“LOST”: A Tale of Two Fathers

“LOST”: A Tale of Two Fathers

Back in Season 2, “LOST” had aired an episode called (2.09) “What Kate Did”. The episode revealed the crime that led castaway Kate Austen (Evangeline Lilly) to being a fugitive for three years – she had murdered her father, Wayne Jensen (James Horan), and used his death to collect insurance for her mother, Diane (Beth Broderick). The episode also revealed Kate’s reason for her act of murder. She had just learned that Wayne – a man she had presumed to be her stepfather – was actually her father. 

Kate had made it perfectly clear that she disliked Wayne Jensen. She held him responsible for her mother’s break-up with Sam Austen, the man she had longed believed was her father. She certainly disliked the fact that he was an alcoholic who physically abused Diane. And she found his habit of occasionally leering at her disgusting and beneath contempt. Many believed that Kate had been a victim of sexual abuse. And that Wayne was the perputrator. But“What Kate Did” hinted that Wayne may not have abused Kate. In this scene, Kate talks to an unconscious fellow castaway, Sawyer (Josh Holloway), whose body she believes has been temporarily possessed by her late father:

“Can you hear me? Sawyer? Wayne? [Sawyer stirs] I’m probably crazy and this doesn’t matter, but maybe you’re in there somehow. But you asked me a question. You asked me why I — why I did it. It wasn’t because you drove my father away, or the way you looked at me, or because you beat her. It’s because I hated that you were a part of me — that I would never be good. That I would never have anything good. And every time that I look at Sawyer — every time I feel something for him — I see you, Wayne. It makes me sick.”.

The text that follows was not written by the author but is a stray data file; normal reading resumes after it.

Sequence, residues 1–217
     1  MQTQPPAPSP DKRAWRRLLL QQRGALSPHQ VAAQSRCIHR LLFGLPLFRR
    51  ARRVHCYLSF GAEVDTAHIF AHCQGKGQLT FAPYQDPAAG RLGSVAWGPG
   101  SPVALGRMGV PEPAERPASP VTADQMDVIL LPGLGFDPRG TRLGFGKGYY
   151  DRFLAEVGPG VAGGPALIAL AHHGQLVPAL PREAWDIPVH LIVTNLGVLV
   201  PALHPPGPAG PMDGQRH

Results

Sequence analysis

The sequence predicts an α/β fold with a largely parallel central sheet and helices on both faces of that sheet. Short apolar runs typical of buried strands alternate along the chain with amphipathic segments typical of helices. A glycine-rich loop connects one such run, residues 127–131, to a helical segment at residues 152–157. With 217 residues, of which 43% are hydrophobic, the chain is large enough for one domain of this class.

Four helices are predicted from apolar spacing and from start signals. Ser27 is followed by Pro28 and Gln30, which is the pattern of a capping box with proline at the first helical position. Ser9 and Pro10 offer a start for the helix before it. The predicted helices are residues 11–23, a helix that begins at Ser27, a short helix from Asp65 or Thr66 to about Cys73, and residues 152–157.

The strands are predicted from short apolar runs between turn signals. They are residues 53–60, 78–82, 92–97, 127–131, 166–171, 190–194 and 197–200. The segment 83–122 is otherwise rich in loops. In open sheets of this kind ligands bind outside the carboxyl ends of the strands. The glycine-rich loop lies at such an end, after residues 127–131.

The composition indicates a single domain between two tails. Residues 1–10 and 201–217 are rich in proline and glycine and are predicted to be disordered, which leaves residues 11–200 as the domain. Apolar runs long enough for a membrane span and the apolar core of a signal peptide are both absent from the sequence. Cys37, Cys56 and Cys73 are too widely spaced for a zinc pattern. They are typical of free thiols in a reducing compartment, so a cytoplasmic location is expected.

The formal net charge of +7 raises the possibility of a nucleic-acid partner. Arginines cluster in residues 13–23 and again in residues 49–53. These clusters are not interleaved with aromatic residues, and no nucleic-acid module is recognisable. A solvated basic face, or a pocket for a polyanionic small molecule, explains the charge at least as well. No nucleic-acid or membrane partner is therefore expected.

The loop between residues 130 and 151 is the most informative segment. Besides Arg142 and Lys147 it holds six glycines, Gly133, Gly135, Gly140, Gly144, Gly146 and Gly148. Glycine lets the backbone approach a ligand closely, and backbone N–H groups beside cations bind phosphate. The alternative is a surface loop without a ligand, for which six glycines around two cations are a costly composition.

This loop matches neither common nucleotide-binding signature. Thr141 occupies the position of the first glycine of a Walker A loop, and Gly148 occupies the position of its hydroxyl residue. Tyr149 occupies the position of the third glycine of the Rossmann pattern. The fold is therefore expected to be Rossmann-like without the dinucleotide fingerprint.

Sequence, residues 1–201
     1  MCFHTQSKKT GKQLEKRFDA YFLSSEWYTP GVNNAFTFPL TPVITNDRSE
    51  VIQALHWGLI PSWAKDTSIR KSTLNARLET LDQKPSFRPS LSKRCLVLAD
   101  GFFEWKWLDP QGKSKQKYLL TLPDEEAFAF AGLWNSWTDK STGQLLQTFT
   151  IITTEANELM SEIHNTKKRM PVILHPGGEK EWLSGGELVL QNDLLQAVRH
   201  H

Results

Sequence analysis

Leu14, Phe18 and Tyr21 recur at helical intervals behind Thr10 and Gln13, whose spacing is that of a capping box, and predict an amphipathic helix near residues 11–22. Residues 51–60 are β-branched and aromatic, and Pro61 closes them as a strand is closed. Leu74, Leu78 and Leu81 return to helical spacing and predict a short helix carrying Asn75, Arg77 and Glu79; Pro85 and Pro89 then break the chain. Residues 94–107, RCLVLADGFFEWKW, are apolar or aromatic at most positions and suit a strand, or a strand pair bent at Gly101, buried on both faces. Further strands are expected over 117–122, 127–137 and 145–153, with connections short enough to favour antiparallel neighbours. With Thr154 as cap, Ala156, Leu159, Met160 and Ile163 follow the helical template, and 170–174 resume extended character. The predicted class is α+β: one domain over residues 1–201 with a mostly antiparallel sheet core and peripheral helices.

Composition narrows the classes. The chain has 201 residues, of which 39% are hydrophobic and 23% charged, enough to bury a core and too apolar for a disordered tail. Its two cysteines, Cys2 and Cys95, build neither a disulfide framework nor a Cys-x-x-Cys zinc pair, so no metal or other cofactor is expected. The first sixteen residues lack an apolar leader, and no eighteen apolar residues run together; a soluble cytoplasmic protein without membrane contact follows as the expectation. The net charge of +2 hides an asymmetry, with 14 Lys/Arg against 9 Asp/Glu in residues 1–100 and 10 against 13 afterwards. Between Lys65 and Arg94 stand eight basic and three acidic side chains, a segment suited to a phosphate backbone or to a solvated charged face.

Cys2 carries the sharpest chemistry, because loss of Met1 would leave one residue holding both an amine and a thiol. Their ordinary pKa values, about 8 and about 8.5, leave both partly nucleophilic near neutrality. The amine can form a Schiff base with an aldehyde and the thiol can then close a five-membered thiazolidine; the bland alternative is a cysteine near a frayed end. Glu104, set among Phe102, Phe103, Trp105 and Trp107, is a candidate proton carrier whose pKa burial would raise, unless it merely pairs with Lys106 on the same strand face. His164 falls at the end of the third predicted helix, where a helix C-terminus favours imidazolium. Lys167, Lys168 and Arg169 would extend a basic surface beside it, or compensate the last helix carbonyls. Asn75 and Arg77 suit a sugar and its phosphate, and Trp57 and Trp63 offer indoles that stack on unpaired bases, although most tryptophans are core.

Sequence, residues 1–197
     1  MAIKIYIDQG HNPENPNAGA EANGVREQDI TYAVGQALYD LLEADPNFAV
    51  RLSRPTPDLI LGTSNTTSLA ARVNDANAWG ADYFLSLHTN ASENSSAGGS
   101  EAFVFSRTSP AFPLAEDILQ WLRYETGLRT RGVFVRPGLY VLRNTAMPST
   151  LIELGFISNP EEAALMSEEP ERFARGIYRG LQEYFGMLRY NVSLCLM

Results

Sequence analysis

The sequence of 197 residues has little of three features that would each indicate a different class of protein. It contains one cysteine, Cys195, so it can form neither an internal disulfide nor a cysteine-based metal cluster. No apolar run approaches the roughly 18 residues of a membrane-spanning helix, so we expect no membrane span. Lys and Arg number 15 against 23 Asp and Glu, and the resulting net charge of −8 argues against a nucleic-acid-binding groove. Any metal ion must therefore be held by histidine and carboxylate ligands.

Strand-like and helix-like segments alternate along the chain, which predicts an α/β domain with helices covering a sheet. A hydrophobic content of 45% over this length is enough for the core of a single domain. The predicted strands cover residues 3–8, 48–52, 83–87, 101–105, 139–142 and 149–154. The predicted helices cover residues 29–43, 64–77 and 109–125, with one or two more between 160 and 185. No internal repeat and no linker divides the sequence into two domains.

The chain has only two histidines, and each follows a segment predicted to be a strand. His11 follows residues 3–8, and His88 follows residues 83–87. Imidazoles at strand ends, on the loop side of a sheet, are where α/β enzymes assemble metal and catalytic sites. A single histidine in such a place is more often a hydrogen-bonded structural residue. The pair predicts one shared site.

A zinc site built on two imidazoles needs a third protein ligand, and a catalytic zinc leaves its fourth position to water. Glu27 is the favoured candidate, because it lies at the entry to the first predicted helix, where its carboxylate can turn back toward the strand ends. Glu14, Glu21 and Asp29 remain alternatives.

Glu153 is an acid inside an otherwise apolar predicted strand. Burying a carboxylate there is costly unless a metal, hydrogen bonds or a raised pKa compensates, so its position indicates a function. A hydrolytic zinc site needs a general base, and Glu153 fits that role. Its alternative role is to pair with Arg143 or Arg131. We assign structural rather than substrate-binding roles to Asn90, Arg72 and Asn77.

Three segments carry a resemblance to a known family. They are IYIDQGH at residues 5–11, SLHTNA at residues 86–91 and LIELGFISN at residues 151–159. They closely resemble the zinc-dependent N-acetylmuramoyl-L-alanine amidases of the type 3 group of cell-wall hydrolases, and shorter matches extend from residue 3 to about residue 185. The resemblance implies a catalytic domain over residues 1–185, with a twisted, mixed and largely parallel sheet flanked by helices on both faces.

Judging from her comments, it seems quite apparent that Wayne had never sexually abused her. Kate did accuse him of leering at her, which he proved in a flashback at the beginning of the episode. However, there are fans who still insist that Wayne may have abused her. They are entitled to their opinions. Frankly, I have doubts that Kate had ever been abused. But if she had . . . Wayne Jensen would not be on the top of my list of suspects.

When “What Kate Did” had first aired during the 2005-2006 television season, I also viewed an episode of “HOUSE”called “Skin Deep”. I noticed how Dr. Gregory House (portrayed by Hugh Laurie) had correctly guessed that a 15 year-old female patient, who happened to be a model, had been molested by “her” possessive father. How did House come to this conclusion? He noticed the close relationship between the model and her father. He noticed how the former seemed overtly concerned with pleasing said father.

This scene also brought about memories of the 1995 movie, “DOLORES CLAIRBORNE”. Based on a Stephen King novel, it told the story about a Maine woman (played by Kathy Bates) who murders her husband (David Straitharn) in order to stop him from continuing his sexual abuse of their daughter (Jennifer Jason-Leigh). What I had found interesting was that the daughter over-idealized her abusive father. And he (in flashbacks) over-idealized his mother, who may have sexually abused him.